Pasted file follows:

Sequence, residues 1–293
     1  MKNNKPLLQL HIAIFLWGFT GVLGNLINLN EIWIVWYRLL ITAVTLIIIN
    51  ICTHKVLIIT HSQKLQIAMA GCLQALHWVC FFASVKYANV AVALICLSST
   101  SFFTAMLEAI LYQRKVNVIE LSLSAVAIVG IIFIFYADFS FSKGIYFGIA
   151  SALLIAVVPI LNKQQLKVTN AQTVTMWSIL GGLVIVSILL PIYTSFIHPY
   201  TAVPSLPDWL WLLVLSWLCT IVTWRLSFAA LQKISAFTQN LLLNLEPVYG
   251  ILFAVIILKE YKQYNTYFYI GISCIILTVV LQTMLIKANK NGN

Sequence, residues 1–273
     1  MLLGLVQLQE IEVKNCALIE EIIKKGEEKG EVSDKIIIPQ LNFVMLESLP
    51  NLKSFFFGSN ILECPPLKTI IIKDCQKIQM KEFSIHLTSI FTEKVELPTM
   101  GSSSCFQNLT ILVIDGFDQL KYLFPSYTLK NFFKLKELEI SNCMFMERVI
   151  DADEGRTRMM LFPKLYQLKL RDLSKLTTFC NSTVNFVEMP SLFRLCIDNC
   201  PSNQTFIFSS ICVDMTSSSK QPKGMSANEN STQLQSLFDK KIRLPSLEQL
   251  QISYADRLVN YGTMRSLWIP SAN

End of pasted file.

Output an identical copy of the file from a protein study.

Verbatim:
Sequence, residues 1–293
     1  MKNNKPLLQL HIAIFLWGFT GVLGNLINLN EIWIVWYRLL ITAVTLIIIN
    51  ICTHKVLIIT HSQKLQIAMA GCLQALHWVC FFASVKYANV AVALICLSST
   101  SFFTAMLEAI LYQRKVNVIE LSLSAVAIVG IIFIFYADFS FSKGIYFGIA
   151  SALLIAVVPI LNKQQLKVTN AQTVTMWSIL GGLVIVSILL PIYTSFIHPY
   201  TAVPSLPDWL WLLVLSWLCT IVTWRLSFAA LQKISAFTQN LLLNLEPVYG
   251  ILFAVIILKE YKQYNTYFYI GISCIILTVV LQTMLIKANK NGN

Sequence, residues 1–273
     1  MLLGLVQLQE IEVKNCALIE EIIKKGEEKG EVSDKIIIPQ LNFVMLESLP
    51  NLKSFFFGSN ILECPPLKTI IIKDCQKIQM KEFSIHLTSI FTEKVELPTM
   101  GSSSCFQNLT ILVIDGFDQL KYLFPSYTLK NFFKLKELEI SNCMFMERVI
   151  DADEGRTRMM LFPKLYQLKL RDLSKLTTFC NSTVNFVEMP SLFRLCIDNC
   201  PSNQTFIFSS ICVDMTSSSK QPKGMSANEN STQLQSLFDK KIRLPSLEQL
   251  QISYADRLVN YGTMRSLWIP SAN